One might argue, as I’m sure that some will, that USDA Angus beef is also good quality beef. Let me put it this way: USDA Angus beef is classified in accordance with the quality of the carcass of a bovine after slaughtering, depending on the fat, and marbling content of the saleable meat. It comes mainly in three grades which are “Prime” for the topmost quality, well marbled cuts and which on 2% of slaughtered cattle are graded as; “Choice” which falls in the middle and which is what one finds in top restaurants; and “Select” which is mainly lean meat without marbling, and is the cheapest. “Select” graded Angus is what is mainly found in supermarket butchers in Malta.

We have experimented with various beef cuts from different bovines, purchased from different suppliers in the last months, and have come to the conclusion that most cuts of steak that are used and served in the majority of restaurants, with the exception of a very few, in my opinion is only equivalent to the “Select grade”. . Also closer examination as well as cooking these Angus steaks indicated a much inferior quality, texture, flavour and overall taste. When one compares the quality of an authentic grass fed Aberdeen-Angus fillet or rib-eye steak, to one labelled differently, (e.g. just Angus or Black Angus), the quality difference can be even seen when the steaks are still raw.  When cooked medium-rare, the difference in taste and texture is vast. Prime Aberdeen-Angus fillet, rib-eye and other cuts take much less time to grill, griddle sear or pan-fry, than most cuts from other bovines, and are much more tender and succulent.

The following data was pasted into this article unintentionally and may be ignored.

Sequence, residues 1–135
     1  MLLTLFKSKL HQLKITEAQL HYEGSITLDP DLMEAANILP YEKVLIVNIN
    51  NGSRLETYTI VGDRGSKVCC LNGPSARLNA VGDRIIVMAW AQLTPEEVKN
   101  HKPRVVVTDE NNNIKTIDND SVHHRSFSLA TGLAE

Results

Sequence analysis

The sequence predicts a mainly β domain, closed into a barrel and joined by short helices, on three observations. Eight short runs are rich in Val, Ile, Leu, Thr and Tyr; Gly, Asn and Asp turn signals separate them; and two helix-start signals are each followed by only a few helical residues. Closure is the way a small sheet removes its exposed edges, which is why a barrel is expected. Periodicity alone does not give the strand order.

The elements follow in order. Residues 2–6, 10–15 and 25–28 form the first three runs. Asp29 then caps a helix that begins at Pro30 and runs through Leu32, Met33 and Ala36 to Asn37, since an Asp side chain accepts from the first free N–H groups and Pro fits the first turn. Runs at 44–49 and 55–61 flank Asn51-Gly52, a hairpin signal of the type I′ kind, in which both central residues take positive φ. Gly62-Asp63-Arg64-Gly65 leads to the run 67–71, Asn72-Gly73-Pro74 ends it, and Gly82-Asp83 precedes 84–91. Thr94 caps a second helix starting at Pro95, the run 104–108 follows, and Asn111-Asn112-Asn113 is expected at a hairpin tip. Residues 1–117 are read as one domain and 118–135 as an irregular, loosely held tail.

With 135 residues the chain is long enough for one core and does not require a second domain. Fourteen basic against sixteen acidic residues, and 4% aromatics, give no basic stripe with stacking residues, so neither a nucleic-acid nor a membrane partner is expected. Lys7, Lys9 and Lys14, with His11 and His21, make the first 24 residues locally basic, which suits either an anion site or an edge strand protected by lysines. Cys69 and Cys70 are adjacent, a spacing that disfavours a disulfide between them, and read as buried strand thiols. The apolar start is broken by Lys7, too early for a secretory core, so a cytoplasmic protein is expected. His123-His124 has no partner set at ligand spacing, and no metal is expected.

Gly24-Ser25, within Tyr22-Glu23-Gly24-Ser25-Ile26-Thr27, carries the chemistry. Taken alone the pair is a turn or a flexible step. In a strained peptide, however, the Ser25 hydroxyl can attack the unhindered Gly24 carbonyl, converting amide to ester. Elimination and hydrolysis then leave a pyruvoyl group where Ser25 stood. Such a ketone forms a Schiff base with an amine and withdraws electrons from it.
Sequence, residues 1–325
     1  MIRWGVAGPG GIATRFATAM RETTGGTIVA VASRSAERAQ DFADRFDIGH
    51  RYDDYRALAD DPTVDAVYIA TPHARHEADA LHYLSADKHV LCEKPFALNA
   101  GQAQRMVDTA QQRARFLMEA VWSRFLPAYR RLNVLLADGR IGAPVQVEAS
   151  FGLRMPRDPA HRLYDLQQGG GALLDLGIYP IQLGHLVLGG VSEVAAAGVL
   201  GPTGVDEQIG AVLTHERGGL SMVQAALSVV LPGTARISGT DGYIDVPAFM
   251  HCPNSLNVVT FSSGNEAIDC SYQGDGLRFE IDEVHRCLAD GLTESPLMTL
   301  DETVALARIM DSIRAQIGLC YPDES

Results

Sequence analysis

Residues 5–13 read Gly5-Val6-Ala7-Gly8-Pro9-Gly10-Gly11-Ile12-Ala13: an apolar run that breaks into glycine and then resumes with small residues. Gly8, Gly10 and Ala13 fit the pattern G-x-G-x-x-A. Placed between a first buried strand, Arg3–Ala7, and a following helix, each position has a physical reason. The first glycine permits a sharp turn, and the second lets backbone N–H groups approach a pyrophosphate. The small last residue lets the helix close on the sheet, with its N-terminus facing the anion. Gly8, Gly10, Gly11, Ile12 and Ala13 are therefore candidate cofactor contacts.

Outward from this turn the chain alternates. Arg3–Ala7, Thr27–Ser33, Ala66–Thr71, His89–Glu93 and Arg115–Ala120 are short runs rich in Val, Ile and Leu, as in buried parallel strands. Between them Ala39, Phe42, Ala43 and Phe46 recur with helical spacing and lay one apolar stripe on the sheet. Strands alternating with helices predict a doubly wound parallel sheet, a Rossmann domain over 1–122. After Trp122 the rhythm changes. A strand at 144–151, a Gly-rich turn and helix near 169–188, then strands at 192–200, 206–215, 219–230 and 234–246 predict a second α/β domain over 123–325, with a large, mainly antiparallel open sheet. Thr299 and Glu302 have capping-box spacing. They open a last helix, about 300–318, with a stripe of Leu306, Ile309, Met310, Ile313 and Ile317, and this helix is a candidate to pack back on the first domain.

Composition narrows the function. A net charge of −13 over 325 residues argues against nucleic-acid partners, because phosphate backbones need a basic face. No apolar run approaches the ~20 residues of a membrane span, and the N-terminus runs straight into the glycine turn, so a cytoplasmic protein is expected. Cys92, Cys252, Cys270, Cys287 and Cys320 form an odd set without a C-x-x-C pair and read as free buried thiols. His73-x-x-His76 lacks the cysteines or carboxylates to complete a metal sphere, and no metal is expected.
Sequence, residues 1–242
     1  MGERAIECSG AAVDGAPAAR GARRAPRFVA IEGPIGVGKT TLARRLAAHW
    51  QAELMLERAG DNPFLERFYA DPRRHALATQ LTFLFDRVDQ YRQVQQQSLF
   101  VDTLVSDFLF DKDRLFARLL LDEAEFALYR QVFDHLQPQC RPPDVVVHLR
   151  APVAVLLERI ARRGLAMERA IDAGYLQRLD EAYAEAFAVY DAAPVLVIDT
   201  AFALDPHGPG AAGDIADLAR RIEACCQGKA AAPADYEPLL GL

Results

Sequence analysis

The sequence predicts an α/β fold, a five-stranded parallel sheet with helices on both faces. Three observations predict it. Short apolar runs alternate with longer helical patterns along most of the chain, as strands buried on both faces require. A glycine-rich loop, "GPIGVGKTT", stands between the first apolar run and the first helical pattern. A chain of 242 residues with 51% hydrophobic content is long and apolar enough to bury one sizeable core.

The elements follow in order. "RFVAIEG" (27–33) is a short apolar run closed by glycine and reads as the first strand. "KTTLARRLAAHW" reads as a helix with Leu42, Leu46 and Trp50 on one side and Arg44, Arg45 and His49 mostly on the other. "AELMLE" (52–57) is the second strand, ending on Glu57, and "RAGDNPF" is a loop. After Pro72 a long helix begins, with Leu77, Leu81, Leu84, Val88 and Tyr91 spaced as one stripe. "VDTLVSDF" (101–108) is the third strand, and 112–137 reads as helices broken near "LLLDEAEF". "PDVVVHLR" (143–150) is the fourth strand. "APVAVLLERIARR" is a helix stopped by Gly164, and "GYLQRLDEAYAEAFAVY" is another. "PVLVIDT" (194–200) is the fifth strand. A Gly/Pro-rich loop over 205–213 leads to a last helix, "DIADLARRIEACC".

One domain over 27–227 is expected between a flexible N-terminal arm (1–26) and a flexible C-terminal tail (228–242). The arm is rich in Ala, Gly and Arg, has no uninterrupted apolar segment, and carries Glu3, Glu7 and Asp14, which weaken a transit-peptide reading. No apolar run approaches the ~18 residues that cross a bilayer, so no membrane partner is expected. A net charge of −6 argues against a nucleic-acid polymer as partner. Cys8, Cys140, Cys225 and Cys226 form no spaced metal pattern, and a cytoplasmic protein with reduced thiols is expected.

If one can afford it always by the best and if one is going for Angus beef, than Scottish Aberdeen-Angus beef is manifestly the best.